Director Sebastienne Mundheim tells the story of her mother fleeing Latvia during WWII by utilizing simple stage props, minimal narration, music, and dance. The audience has to pay close attention to the playful and imaginative way she tells her mother’s story, and has to engage by actually using their own imagination to interpret it.
Mundheim and her White Box theater company did several things uniquely right which made this play so well attended today, and so successfully engaging. First off, she partnered with other area arts projects and organizations to help recruit her audience. MICA students were invited to volunteer in the production, and each show closes with a Q&A hosted by a different prominent person in the arts community. Today, at the 3pm matinee premiere (the original opening on Saturday January 30 was canceled due to our all-day snow storm) Luisa Bieri de Rios, of the Creative Alliance, hosted the Q&A with Mundheim. This is a great way to highlight the arts organizers in our community, and to reach out to various organizations and business- outside of the Theater Project’s normal membership and crowd- to bring more people to the show, and engage diverse parts of the local arts community.
Several student groups attended- some of which are participating in a prop making workshop tomorrow with Mundheim herself. Since she has experience in all the parts of producing a show, she was successfully able to make her visit to Baltimore multi-dimensional and more worthwhile to the community. This is a great example of a smart artist’s business plan- where you look at all the skills you have as an artist, and utilize them outside of your actual performance time. This way, you can not only increase your show attendance, but also find other ways to generate income, improve your own skills, and give back to the community. Coordinating with local schools, businesses, and organizations to teach related workshops or to invite guest speakers is a great way to do this.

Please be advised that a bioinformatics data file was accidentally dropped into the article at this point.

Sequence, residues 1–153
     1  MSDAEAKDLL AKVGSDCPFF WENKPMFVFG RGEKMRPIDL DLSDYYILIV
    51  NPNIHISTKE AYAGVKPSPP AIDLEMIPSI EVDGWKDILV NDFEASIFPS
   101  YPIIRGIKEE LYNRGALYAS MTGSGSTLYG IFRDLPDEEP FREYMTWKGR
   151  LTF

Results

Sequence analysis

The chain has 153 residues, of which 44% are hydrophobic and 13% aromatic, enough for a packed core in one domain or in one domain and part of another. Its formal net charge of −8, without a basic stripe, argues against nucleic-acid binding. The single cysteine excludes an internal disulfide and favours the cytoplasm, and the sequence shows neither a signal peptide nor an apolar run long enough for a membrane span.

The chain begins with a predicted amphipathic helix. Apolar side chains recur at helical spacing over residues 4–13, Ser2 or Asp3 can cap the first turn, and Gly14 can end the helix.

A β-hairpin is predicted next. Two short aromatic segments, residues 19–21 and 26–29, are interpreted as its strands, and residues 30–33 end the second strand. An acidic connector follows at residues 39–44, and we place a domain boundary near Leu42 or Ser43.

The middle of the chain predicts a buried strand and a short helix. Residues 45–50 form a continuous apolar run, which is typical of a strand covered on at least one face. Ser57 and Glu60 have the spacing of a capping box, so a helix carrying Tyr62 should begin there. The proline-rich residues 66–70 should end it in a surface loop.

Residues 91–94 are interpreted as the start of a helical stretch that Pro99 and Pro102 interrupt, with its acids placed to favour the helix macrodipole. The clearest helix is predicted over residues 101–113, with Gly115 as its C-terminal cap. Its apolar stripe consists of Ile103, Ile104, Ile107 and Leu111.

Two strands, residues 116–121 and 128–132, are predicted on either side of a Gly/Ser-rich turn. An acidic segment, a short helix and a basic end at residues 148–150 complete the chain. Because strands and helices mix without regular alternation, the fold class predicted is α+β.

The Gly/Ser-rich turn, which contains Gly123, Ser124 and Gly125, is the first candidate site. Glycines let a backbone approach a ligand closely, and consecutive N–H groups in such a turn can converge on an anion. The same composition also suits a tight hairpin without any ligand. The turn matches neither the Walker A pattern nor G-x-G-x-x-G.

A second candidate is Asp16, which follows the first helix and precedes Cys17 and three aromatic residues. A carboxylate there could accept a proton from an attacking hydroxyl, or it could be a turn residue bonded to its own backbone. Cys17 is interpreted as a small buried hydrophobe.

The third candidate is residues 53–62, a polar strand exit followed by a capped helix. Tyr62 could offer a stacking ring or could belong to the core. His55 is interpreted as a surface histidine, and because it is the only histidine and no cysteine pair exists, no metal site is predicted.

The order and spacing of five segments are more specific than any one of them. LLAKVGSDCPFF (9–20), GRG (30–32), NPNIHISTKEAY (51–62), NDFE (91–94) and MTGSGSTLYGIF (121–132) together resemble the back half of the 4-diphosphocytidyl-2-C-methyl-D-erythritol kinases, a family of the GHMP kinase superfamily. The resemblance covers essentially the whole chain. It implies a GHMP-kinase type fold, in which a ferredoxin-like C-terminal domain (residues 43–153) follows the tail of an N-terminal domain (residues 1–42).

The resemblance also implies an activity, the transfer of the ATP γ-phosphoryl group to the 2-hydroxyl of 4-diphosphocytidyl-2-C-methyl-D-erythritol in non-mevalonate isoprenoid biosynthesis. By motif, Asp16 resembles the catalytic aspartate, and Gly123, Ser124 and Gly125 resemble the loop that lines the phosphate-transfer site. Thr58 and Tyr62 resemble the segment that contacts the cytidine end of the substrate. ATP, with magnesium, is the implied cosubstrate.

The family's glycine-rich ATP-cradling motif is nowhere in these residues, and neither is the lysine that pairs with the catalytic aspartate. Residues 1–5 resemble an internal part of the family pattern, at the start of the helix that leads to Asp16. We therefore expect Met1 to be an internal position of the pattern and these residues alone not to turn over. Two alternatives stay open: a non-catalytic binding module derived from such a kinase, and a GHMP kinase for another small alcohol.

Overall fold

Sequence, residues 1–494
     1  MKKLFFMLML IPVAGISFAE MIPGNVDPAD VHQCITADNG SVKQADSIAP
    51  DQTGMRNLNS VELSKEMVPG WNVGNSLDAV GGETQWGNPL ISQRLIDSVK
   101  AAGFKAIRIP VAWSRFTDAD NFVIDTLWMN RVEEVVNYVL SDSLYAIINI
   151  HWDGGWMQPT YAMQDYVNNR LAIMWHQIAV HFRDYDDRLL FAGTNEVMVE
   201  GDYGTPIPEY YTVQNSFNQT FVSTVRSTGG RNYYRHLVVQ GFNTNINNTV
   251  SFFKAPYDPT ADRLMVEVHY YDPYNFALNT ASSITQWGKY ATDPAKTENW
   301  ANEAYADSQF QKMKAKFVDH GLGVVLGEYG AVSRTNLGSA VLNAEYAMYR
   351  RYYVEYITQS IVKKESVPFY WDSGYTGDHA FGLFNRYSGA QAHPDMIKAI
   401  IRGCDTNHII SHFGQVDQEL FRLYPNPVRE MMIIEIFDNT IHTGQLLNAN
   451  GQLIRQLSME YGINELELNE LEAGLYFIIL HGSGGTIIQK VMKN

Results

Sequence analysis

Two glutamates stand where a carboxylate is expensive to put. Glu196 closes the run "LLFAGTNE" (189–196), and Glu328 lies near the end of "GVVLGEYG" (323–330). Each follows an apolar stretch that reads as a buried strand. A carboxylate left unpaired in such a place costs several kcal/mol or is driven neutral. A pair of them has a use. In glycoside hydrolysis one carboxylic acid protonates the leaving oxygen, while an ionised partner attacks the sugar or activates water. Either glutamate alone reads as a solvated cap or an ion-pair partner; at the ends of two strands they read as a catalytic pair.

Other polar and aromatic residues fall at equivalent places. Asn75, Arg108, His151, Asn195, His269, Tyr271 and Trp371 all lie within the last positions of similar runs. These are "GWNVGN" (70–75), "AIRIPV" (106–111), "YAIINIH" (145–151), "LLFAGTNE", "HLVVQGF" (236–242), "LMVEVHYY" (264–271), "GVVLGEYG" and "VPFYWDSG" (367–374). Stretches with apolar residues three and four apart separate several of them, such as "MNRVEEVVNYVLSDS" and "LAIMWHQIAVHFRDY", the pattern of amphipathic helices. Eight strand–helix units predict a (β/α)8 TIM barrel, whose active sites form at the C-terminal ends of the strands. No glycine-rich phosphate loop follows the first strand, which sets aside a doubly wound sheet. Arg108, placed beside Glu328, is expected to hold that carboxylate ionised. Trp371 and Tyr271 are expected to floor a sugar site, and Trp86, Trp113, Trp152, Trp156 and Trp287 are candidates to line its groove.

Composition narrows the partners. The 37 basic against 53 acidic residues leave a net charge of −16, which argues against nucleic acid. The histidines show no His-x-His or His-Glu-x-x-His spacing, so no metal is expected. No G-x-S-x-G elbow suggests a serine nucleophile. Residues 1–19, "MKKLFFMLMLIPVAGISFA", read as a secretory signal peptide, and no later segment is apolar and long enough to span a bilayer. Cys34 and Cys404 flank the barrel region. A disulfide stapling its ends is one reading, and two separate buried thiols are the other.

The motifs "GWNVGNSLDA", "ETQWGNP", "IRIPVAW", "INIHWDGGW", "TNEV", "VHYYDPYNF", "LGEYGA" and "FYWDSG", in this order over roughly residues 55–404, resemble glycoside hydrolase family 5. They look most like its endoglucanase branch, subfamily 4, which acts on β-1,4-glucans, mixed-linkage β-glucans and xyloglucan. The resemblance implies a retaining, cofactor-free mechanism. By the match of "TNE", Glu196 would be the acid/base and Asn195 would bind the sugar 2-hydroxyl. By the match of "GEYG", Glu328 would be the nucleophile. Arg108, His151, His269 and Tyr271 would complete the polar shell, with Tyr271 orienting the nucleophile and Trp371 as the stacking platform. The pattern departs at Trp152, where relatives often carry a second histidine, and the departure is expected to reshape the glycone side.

Today’s Q&A gave the audience an immediate opportunity to give their feedback on the performance and to ask questions. Often, when someone asked about the meaning behind a prop, or part of the play, Mundheim turned the table and instead asked the audience member what it meant to them, or how they experienced it.
Mundheim also discussed visual theater: “If we stop using words we use our eyes more and our imagination.” Still a project in progress, she began working on the Sea of Birds in fall 2007, but it didn’t debut until an entire year later. Since then, she has added or changed things in the production. “I wanted to make something that felt more like painting…how much can we trust what we experience that isn’t text based? What is your life experience when you shift away from talking?”